When this whole mess is over, there’ll be a shortish MA thesis — or at least a blog post — to be had from analysing classical music’s evolving response to the crisis. Already, looking back, distinct phases are emerging from the viral fog. Phase One: the Banana Bread Apocalypse — that first lockdown, when Jamie Oliver was telling us to smoosh up frozen peas and pretend it was pesto, and phonecam footage of a cellist playing Bach in the spare bedroom felt like a kind of miracle. Phase Two: orchestras working out what they could actually do while socially distanced and audienceless. Cue a spike in online performances of works for small (or spaced-out) orchestra. Lots of Tallis Fantasias and Siegfried Idylls. A brief flurry of live shows with miniaturised ensembles and no loo breaks.
Phase Three was when hopes of a normal 2021-22 season spiralled down the plughole, and things started to get interesting. Roughly speaking, the run-up to Christmas, when anyone (and it was by no means everyone) who had the cash and the technical resources to get online realised that since there wasn’t a harpist’s chance in hell of making any actual money, they might as well play what they liked. The CBSO staged an entire programme of Villa-Lobos’s Chôros; the LPO mixed cocktails of Vivaldi, MacMillan and Spohr; and in the wake of BLM, conductors suddenly discovered the music of Florence Price and the (more affordable) Chevalier de Saint-Georges. Phase Four is roughly where we are now — expecting an imminent return to live concerts, but with restricted audiences and an unspoken hope that musical demand will temporarily continue to outstrip supply. It’s a good time to roll out those unsaleable passion projects — for a little longer, anyway.
The LSO’s latest online concert certainly has the appearance of a loss leader. Savour it, you lovers of the neglected, the niche and the irredeemably uncool: Gianandrea Noseda conducts Liszt’s Orpheusand follows it with the 1957-vintage Third Symphony by Nino Rota. It says something about fashions in 21st-century classical programming that the most familiar item on the programme is the Duett-Concertino by Richard Strauss; which is still, frankly, pretty unfamiliar due to the practical and financial difficulties of booking two soloists for a shortish piece. Here, it’s performed by two LSO principals, the clarinettist Chris Richards and the bassoonist Rachel Gough, and it’s hard to imagine any big-name woodwind stars playing it with more personality or warmth.
Noseda rings his orchestra around them, heightening the feeling of chamber music, while the two soloists act out an innocent love story. This is very late Strauss; music of twilit intimacy and gentleness, with occasional flashes of old man’s mischief, and all lapped by washes of iridescent string tone. Gough and Richards play off each other with immense charm and wit — sometimes playful, often poignant, with Gough in particular creating sounds that range from plangent middle-register sobs to ardent, sax-like song. Noseda’s orchestra swoons and shimmers, while the harp glints through string tremolandi like sunlight catching a late frost.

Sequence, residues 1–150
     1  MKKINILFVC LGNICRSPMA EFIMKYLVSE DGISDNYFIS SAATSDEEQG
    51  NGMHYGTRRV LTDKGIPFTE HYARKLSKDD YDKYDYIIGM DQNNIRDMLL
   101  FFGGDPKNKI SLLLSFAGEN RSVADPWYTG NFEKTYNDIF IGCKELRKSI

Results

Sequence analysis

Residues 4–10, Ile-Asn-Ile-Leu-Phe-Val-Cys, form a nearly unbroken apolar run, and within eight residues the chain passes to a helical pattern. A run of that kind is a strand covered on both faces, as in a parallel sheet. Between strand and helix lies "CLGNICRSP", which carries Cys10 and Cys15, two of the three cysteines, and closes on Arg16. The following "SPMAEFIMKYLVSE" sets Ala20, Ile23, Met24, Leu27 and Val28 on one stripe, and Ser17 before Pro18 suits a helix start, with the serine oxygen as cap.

It’s lovely, and even amid the bare brick walls of LSO St Luke’s, the orchestra sounds succulent. I don’t know whether Noseda was ever under consideration to succeed Rattle as the LSO’s music director, but you’ve got to love a maestro who’s willing to champion Liszt’s symphonic poems — once-popular works whose disappearance from the concert hall has been near-total. Noseda seems to have chosen Orpheus purely because he loves the sound it makes. ‘It’s very sweet, very tender,’ he explains, before a performance whose glowing cantabile makes Liszt feel like the missing link between bel canto and Parsifal. And then comes that Nino Rota symphony, an exercise in supercharged sprezzatura in which Rota elegantly deploys the musical grammar of cinema — widescreen fanfares, cadences as punchlines — across four sunlit, neoclassical movements.
It’s essentially a divertimento, and we’ll miss those when normal business resumes. Still, chin up, and take a look at the Ryedale Festival, which has chosen to preface its online concerts with footage of green fields and crystal streams (some of it was filmed in the grounds of Castle Howard). In a performance by the Maxwell Quartet, filmed in Ebberston church, the opening chord of Haydn’s quartet Op. 74 No. 1 comes like a sudden blast of moorland air. The Maxwells’ notion is to set Haydn’s folksier inspirations against 18th-century Scottish fiddle tunes, and they go at it with gumption, rosin biting on string as they really dig into Haydn’s hurdy-gurdy drones. Then it’s over, and you realise just how much music really does gain from being in a real place, in real time — hearing the last notes echo off stone walls and walking out, head buzzing, into the chill air and blossomy scent of a May night in the Vale of Pickering. The old normal? Bring it on.
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